And this how I'll rank frameworks when it comes to productivity

1) PHP - has awesome developer base and you can literally dish-out any kind of site in not time using Wordpress, Zend, Laravel, Joomla.

2) Ruby On Rails - what Rails lacks in performance it more than makes up for it with a die-hard developer base and precious Gems. And unlike PHP you don't have to deal with different frameworks like Wordpress to be extra productive, you can literally write away anything in no-time using Rails and that is why it has such high adoption, because developers who like to crank code than copy paste love Rails.

3) Python - highly productive language and enough said. People gravitate towards Python for one simple reason PYTHON. Like Ruby, developers who like to crank code loves Python, but unlike Ruby, Python has one more reason why it has such wide spread adoption, it is multi-paradigm and slowly becoming the first language for the next generation of developers. Yes kids these day learn Python before the learn they learn C.

Also many experimental projects are done on Python and when these projects mature and becomes viable enough to be launched as a website, developers stick to the language. That is how many popular sites like Reddit, Quora which employs Analytics and learning algorithmd ended up using Python.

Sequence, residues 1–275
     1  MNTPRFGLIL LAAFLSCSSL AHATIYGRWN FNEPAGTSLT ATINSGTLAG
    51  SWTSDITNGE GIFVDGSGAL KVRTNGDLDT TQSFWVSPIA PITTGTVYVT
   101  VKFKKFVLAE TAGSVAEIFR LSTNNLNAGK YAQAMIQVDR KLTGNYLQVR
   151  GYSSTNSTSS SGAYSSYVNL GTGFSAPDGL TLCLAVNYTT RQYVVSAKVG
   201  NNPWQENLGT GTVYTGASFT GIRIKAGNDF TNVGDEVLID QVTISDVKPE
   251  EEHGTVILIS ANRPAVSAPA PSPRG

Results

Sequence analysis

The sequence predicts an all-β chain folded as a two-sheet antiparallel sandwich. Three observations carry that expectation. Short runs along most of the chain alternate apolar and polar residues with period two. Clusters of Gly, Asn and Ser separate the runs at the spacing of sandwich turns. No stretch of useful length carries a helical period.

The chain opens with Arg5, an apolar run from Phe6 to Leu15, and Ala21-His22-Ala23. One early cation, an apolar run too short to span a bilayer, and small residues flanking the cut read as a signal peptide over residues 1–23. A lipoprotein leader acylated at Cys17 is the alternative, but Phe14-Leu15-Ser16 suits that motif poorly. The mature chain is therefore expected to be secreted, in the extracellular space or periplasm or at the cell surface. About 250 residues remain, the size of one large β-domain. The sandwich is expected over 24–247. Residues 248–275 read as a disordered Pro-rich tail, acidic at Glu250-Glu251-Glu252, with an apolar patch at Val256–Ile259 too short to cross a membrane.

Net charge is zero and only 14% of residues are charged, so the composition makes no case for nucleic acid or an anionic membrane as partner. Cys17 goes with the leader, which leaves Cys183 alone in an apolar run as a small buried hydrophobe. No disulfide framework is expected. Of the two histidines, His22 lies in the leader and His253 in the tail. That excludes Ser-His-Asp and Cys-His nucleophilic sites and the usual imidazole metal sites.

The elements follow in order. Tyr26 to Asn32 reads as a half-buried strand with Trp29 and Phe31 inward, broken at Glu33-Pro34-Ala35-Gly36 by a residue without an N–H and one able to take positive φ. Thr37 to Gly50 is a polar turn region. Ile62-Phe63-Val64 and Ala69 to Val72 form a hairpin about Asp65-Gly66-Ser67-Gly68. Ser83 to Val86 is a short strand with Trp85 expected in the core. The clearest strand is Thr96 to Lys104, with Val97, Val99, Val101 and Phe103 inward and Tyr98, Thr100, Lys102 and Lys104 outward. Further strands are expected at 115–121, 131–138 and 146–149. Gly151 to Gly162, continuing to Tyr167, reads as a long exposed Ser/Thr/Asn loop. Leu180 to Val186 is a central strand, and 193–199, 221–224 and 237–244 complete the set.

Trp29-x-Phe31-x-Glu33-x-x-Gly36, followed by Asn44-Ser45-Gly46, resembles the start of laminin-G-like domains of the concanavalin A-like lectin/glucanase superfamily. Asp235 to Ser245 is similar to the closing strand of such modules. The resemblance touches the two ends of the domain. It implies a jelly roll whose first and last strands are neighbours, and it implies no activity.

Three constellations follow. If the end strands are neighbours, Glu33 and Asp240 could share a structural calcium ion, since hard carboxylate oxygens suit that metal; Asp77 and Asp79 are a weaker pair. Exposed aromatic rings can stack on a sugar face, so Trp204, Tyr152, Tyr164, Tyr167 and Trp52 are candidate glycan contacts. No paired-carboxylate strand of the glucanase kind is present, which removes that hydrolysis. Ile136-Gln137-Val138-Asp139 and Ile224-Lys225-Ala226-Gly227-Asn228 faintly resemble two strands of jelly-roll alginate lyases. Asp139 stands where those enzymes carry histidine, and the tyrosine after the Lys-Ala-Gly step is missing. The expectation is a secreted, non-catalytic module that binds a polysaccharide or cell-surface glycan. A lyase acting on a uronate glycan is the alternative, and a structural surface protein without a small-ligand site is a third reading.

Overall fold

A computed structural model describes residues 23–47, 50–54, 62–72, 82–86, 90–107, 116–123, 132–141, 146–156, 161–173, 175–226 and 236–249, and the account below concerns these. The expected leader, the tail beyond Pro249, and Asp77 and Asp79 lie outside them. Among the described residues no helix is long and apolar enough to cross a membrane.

4) Node.JS - technically Node.js is superior for web development than Python. It has an excellent package manager and gives you access to thousands of libraries that have ready made solutions for 90% of requirements of an average website. But Python will beat it squarely when it comes to raw productivity. Also Python has mature testing frameworks than Node, it can be wielded for scripting, integration middlewares, glueing services and comes with an all round package.

5) Java - Java is still very fast and has a very mature ecosystem. And Java developers are as productive as Node developers. However when it comes to productivity Python & Rails(not Ruby) are still superior choices. You cannot compare PHP, it is in completely different league.

Wrong Choices

1) Go - with Google's marketing and the buzz around Internet of Things a lot of people are eyeing on Go. But IMHO it is a wrong choice for web development. Go from a practical perspective would be very useful in very specific cases where performance is mission critical and you need a flexible language to do it. Go supports concurrent, asynchronous/synchronous, single threaded and multi threaded programming models, and its very fast and clean.